When I create help files, they are in three formats:
1. Online system, whether html (web help), chm (single-file html), or exe (stand-alone help).
2. Color PDF for download and computer viewing.
3. Black and White PDF for download and printing.
So I need some help understanding how things are read by your screen reader.
I have a table of contents for graphics. Visual people can often recognize a picture faster than a word, so in addition to the traditional text of headings and subheadings, this separate table of contents provides persons whose native language is not English a means of finding the help they are seeking by letting them look pictorially.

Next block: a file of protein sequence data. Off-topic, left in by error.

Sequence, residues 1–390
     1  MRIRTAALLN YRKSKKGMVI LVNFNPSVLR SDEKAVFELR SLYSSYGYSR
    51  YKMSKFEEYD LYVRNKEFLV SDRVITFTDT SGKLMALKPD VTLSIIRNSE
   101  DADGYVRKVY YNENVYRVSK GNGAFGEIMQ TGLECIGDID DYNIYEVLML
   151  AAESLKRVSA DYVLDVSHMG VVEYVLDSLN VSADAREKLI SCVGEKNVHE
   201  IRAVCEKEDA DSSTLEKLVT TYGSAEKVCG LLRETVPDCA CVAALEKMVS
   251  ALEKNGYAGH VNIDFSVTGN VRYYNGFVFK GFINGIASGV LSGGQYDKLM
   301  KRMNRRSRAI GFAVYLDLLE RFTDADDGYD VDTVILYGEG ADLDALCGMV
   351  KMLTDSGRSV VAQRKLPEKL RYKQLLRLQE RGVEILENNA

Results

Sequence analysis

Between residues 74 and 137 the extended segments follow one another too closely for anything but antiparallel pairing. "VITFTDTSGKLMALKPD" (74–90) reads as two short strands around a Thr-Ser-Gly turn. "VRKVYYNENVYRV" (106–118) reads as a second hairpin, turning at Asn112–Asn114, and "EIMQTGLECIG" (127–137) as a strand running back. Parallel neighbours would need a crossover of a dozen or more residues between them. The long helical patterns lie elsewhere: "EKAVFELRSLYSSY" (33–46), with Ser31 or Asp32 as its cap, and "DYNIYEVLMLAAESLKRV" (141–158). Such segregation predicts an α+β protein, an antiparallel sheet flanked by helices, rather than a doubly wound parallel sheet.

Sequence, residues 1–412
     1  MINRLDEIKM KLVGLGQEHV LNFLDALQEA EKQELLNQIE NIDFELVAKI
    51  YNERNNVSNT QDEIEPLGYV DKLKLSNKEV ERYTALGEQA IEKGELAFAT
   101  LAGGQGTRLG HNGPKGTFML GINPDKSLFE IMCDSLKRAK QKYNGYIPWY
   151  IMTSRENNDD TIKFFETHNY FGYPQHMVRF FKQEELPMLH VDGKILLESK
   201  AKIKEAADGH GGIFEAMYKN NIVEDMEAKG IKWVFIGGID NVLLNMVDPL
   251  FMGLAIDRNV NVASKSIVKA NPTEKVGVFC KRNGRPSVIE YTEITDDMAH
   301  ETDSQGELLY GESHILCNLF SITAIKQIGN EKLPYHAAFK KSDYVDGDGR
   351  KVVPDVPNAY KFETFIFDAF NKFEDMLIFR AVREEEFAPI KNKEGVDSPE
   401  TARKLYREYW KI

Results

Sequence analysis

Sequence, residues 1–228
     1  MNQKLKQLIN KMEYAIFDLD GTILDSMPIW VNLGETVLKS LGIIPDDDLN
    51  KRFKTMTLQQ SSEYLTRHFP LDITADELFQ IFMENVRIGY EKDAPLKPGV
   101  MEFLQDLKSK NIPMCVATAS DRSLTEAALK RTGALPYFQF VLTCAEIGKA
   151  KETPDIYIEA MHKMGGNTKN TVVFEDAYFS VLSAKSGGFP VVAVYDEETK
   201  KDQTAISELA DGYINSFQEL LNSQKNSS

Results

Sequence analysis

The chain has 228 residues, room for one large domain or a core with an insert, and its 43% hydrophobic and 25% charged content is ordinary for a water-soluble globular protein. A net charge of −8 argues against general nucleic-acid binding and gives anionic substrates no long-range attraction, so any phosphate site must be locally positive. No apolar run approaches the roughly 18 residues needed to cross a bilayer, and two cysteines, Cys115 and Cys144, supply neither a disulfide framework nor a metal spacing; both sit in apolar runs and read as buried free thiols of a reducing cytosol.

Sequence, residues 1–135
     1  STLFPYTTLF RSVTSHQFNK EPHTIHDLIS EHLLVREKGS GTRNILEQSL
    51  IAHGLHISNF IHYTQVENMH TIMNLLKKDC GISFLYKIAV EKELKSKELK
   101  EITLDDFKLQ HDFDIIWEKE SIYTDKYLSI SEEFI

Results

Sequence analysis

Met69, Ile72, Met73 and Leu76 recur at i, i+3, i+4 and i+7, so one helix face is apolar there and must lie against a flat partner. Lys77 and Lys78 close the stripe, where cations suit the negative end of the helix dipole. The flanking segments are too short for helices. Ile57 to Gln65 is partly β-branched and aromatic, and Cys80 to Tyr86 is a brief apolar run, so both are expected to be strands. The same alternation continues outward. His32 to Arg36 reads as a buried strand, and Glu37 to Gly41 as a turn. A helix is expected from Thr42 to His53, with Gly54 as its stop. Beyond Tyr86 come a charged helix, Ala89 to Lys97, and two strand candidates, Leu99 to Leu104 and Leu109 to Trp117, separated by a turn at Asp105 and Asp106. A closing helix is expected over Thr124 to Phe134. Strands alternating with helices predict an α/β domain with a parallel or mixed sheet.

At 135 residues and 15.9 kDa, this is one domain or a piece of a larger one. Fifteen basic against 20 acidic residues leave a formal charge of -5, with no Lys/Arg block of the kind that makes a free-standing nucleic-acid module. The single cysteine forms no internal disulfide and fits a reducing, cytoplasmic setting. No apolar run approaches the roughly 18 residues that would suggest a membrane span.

Right now, I have a table of two columns. A picture is in each cell of the left column and the page for reference is in the right column. The pictures have labels, so I know they will be readable by screen readers. What I don’t know is how the reader approaches a table. Does it read whole row before going to the next row? Or does it read the whole column before going to the next column? Or, am I ignorant in how each of you has control to say how a table is read? I’ve already learned that you “see” websites differently than sighted persons because you have different modes on the readers.
I realize that you may not be interested in a table of contents for graphics, but this question will help anytime I have to make a table.
Thanks for your understanding,